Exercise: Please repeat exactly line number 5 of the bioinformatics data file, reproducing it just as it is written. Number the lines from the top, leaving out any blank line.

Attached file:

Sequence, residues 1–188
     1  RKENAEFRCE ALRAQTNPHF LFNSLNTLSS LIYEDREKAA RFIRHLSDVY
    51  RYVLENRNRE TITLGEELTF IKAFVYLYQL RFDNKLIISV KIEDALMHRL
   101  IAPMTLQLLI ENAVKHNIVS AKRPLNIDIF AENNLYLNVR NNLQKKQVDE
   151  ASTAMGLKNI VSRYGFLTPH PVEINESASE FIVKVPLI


   151  ASTAMGLKNI VSRYGFLTPH PVEINESASE FIVKVPLI